A 2004 USA Today article said that the professional science masters (PSM) degree promised to be the hot degree no one seems to have heard ofyet. Six years later, 96 institutions now offer recognized PSM programs and approximately 2,700 students have earned this degree.
For a laboratory to be able to survive in a difficult economic environment, it is crucial that the scientific and financial sides of the business be in sync.
The NIH recently published its annual report on funding levels for various research, condition, and disease categories. Since the NIH is a government institution, it should come as no surprise that the biggest changes came in areas that have been the subject of fierce political debate, the most volatile area of which being stem cell research.
While the green movement is receiving less attention now than it has in recent years, it was able to take root with regulators who have become less tolerant of practices found to harm the environment. Many lab managers believe that adjusting their processes now may be more economically efficient and less disruptive to their work than racing to meet regulatory deadlines in the future.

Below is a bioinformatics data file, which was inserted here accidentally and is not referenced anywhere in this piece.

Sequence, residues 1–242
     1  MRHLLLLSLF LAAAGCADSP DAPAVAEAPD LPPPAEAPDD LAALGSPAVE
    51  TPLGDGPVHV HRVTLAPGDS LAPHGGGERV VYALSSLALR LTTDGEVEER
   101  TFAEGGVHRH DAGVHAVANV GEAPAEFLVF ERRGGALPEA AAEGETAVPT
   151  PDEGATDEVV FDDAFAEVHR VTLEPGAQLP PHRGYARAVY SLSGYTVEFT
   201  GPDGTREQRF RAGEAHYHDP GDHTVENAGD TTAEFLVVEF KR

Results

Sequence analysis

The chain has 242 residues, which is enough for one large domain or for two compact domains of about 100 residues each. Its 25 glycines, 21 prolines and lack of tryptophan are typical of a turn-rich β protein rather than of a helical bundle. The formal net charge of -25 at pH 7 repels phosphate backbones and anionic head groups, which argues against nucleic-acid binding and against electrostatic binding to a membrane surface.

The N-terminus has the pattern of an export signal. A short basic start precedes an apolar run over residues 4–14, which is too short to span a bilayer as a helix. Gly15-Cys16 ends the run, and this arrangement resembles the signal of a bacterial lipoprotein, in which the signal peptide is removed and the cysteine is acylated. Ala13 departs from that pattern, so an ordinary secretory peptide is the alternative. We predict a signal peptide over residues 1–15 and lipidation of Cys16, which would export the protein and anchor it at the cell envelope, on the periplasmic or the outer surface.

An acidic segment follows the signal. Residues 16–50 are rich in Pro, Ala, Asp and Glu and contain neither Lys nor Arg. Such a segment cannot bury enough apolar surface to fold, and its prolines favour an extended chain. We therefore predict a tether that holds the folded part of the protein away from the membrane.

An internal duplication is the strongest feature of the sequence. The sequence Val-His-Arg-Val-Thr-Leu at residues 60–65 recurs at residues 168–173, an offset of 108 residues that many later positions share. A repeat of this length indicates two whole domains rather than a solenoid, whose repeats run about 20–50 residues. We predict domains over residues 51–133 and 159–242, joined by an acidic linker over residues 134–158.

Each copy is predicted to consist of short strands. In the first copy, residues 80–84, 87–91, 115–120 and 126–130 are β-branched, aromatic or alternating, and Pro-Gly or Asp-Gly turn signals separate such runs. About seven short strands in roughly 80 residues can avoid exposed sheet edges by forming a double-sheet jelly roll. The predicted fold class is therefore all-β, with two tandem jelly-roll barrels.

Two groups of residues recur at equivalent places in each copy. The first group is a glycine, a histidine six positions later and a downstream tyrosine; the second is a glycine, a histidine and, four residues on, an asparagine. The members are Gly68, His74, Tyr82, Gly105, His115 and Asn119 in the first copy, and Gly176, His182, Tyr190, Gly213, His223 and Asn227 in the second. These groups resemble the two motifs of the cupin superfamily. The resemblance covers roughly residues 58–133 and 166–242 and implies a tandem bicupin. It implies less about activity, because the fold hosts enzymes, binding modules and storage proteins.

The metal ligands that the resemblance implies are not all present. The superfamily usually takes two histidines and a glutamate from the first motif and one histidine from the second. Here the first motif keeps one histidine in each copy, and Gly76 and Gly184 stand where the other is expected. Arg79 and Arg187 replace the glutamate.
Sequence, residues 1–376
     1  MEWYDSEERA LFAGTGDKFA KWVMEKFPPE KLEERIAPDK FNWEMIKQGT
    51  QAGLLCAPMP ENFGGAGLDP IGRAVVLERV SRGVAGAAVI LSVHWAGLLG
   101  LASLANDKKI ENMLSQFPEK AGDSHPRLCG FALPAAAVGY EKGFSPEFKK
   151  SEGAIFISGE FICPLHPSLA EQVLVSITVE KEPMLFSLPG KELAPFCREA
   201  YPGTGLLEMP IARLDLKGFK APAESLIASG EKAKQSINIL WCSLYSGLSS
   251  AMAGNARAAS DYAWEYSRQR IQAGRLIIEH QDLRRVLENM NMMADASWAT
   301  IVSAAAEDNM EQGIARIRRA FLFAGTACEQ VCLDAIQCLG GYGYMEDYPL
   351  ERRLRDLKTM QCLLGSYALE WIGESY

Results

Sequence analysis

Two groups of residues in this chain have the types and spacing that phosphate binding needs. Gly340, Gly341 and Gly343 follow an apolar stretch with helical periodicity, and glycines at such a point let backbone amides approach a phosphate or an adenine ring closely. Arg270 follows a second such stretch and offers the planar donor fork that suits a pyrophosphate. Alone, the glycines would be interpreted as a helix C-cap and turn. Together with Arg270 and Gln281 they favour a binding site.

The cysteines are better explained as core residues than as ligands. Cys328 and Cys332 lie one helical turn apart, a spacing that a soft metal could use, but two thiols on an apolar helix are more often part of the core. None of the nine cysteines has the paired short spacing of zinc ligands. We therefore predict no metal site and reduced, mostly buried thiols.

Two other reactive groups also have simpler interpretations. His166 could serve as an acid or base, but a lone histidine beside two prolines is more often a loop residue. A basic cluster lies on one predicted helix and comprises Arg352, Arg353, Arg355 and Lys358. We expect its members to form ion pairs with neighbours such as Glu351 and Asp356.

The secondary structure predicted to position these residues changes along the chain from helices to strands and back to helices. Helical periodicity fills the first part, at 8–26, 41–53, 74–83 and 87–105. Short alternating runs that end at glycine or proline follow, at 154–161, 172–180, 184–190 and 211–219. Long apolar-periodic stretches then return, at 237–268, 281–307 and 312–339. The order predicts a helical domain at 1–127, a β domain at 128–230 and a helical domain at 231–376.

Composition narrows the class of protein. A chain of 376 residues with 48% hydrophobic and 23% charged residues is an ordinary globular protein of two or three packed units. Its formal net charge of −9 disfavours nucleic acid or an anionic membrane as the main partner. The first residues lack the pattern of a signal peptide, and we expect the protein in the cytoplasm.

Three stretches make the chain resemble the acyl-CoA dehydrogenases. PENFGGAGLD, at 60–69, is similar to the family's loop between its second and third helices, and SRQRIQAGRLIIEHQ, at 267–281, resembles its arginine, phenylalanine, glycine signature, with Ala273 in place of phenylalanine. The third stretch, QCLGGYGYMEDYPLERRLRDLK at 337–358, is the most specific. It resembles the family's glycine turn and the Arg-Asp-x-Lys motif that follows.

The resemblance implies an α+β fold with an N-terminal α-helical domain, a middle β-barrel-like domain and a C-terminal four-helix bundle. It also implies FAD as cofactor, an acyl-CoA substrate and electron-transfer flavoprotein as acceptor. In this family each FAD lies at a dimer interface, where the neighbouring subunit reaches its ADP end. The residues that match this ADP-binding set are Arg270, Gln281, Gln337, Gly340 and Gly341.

Our second annual confidence survey reveals a growing optimism about the future and indicates that companies and organizations now have a better understanding of where they are and what they need to accomplish to begin moving forward again.
There is hardly a company in the world that hasn't been affected by the global economic downturn. In an economy such as ours, management should help alleviate the stress put on employees worrying about job security. Communication is key, and when staff members are aware of an organization's goals, productivity and motivation improve.
So far, nearly 5,000 grants totalling over $1 billion have been awarded by NIH. Most have been awarded to research labs at large universities and small colleges, while some have been awarded to small, privately owned research and product development companies.